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Twenty-odd years ago, in a small café in western Milan, I asked a waiter for the wine list. He simply said, “Non carte di vini, solo rosso e bianco,” and on speaking that last word, he winced and slowly shook his head.

As if to say, “Forget the white.”

Today, if I asked 1,000 American wine consumers to describe an Italian wine, probably 700 would say “Chianti” and about 300, the most sophisticated, would say something about it being red.

I’m guessing that even dedicated wine lovers would never describe an Italian wine as being white. Indeed, until recently, white wine from Italy was such an afterthought that almost no one ever ordered it. (Except for a lot of blah Pinot Grigio…)

But when it comes to red, Italy is filled with the stuff. And a lot of it is really good for aging in a cellar: Barolo, Barbaresco, Brunello, Aglianico, Sagrantino, Barbera, Amarone and more.

There was a good reason for poor quality bianco for decades. Most were afterthoughts, fermented too warm, shipped to market without care.

It wasn’t until about 1970 that temperature-controlled stainless-steel fermentation tanks became widely used in Italy, giving winemakers control over fermentation temperatures, allowing wines to be made fruitier and thus display more of their distinctiveness.

In the 1980s and 1990s, a few northern Italian white wines (like the Cortese-based Gavi) tried to gain traction in the U.S. wine market, but the effort collapsed. Part of the reason: Some importers refused to ship the product in refrigerated containers, so the wine was “cooked,” partially deteriorated when it got here.

Since about 2000, viticulture, wine-making methods, and import tactics all markedly improved. Today, many Italian white wines are far more reputable than ever. Today there is quality Arneis, Verduzzo, Fiano, Grechetto, Favorita, Greco, Picolit, Malvasia...

However, sales of many of these wines remain problematic partly as a result of the flood of very ordinary Pinot Grigio that has blemished all Italian whites.

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Moreover, high-quality Italian whites began to arrive here about the same time (late 1990s) that other imported products hit these shores at decent prices. Many whites from Spain, Portugal, New Zealand, Chile, South Africa, and Europe challenged Italian bianco, which has made life rough for Italian importers like Don Chigazola.

His small Sonoma County-based import firm (Chigazola Merchants) has invested a lot, allowing him to specialize in the finest Italian wines, both red and white. Yet he still has a hard time getting restaurants and retailers to pay attention to many of his whites.

He ships every wine in cold refrigerated containers (called reefers), and of the whites he carries, most are among the most highly regarded throughout Italy.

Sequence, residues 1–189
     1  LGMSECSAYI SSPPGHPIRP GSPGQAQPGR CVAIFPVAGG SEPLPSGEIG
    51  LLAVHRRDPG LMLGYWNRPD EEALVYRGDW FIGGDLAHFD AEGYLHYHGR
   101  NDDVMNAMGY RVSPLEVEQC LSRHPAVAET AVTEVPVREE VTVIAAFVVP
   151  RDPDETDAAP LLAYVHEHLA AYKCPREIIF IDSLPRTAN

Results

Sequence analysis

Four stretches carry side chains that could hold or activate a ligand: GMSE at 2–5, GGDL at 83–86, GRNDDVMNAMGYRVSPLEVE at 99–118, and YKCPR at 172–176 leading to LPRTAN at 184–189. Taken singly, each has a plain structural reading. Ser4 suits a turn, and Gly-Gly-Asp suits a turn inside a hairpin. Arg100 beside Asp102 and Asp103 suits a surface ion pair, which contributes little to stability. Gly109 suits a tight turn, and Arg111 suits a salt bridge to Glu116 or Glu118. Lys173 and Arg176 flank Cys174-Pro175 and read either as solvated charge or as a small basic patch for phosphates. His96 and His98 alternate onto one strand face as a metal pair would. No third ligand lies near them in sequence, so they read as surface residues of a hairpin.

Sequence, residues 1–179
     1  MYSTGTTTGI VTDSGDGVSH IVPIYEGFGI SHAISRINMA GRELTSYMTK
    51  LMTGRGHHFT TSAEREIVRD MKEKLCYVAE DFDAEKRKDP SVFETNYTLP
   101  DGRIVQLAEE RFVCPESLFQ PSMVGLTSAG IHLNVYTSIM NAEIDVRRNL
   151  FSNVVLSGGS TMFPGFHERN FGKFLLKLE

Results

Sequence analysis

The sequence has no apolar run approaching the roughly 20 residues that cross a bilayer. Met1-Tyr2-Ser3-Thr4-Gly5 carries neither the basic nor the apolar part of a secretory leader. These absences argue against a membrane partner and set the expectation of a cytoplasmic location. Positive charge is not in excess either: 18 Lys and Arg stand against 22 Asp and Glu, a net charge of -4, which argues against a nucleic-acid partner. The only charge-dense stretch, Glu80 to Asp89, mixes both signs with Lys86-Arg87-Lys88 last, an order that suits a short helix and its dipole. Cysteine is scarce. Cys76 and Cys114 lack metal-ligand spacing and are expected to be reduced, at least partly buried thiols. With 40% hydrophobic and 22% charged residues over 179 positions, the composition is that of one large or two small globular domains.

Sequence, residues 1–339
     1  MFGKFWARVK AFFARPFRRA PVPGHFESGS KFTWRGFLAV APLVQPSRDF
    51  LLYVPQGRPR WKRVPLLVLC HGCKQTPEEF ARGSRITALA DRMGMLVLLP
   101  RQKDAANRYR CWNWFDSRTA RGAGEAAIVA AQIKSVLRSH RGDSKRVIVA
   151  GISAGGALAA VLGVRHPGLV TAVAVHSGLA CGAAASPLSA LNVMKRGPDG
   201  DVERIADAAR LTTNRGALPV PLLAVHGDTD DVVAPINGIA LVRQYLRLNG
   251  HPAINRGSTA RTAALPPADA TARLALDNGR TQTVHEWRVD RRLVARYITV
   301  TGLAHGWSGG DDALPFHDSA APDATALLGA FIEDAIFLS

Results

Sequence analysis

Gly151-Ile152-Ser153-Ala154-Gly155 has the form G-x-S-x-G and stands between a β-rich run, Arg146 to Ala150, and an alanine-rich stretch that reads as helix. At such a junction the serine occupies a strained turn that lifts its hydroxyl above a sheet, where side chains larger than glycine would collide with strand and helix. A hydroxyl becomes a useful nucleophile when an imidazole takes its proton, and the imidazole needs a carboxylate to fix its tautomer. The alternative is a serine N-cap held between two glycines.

But you would never know it unless you sat down to chat with Don. His eyes simply light up when he speaks of his latest whites.

One is from the highly regarded Verdicchio grape that is native to the Marche in the coastal/eastern edge of central Italy. Verdicchio is a variety unique to high-altitude Marche (mar-kay), where cold nights keep acids high, and permit this grape to display a minerally/stony aroma with hints of citrus.

Chigazola’s 2017 Tenuta dell’Ugolino Verdicchio dei Castelli di Jesi, “Vigneto del Balluccio” ($27) is a stunning achievement with a ripe and complex aroma from some aging on lees and extra time in the bottle. Its aroma is complex with a nuance that reminds me slightly of Riesling.

Ian d’Agata, whose new book “Italy’s Native Wine Grape Terroirs” ($50, UC Press), says Marche growers of Verdicchio didn’t understand how great this grape was. Until recently, he said, they didn’t realize “they had a Ferrari in their hands and were driving around at 40 miles per hour.”

Another grape Don offers is a stunning white that’s not unlike a superb Sauvignon Blanc. It’s our Wine of the Week.

Wine of the Week: 2018 Madonnabruna Pecorino, Marche, Maree DOC ($25): An aroma has acacia, jasmine, and other spiced notes. The succulent entry is offset by bracing acid in the finish. This Pecorino isn’t a cheese, but a local grape. one I never heard of until I saw d’Agata write about it: “Italy’s hottest white cultivar and wine for the last five or six years.”

Consumers can order direct from Don off his website, Chigazolamerchants.com.

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Dan Berger lives in Sonoma County, where he publishes “Vintage Experiences,” a subscription-only wine newsletter. Write to him at winenut@gmail.com. He is also co-host of California Wine Country with Steve Jaxon on KSRO Radio, 1350 AM.

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